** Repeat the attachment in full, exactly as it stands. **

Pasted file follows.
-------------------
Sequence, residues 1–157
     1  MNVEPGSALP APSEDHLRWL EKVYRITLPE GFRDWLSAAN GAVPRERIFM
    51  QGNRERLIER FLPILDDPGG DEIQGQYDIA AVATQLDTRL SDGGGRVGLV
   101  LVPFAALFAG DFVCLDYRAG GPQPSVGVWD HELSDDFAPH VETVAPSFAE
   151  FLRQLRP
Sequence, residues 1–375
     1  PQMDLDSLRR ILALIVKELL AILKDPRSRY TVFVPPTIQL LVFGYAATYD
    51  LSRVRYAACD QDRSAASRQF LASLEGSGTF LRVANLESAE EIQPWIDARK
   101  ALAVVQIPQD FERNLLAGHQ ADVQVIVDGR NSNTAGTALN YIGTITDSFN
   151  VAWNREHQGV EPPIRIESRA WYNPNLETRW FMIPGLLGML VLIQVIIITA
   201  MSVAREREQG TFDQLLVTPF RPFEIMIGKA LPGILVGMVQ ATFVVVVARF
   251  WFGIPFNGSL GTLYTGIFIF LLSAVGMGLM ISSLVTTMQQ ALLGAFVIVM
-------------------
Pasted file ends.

Sequence, residues 1–157
     1  MNVEPGSALP APSEDHLRWL EKVYRITLPE GFRDWLSAAN GAVPRERIFM
    51  QGNRERLIER FLPILDDPGG DEIQGQYDIA AVATQLDTRL SDGGGRVGLV
   101  LVPFAALFAG DFVCLDYRAG GPQPSVGVWD HELSDDFAPH VETVAPSFAE
   151  FLRQLRP
Sequence, residues 1–375
     1  PQMDLDSLRR ILALIVKELL AILKDPRSRY TVFVPPTIQL LVFGYAATYD
    51  LSRVRYAACD QDRSAASRQF LASLEGSGTF LRVANLESAE EIQPWIDARK
   101  ALAVVQIPQD FERNLLAGHQ ADVQVIVDGR NSNTAGTALN YIGTITDSFN
   151  VAWNREHQGV EPPIRIESRA WYNPNLETRW FMIPGLLGML VLIQVIIITA
   201  MSVAREREQG TFDQLLVTPF RPFEIMIGKA LPGILVGMVQ ATFVVVVARF
   251  WFGIPFNGSL GTLYTGIFIF LLSAVGMGLM ISSLVTTMQQ ALLGAFVIVM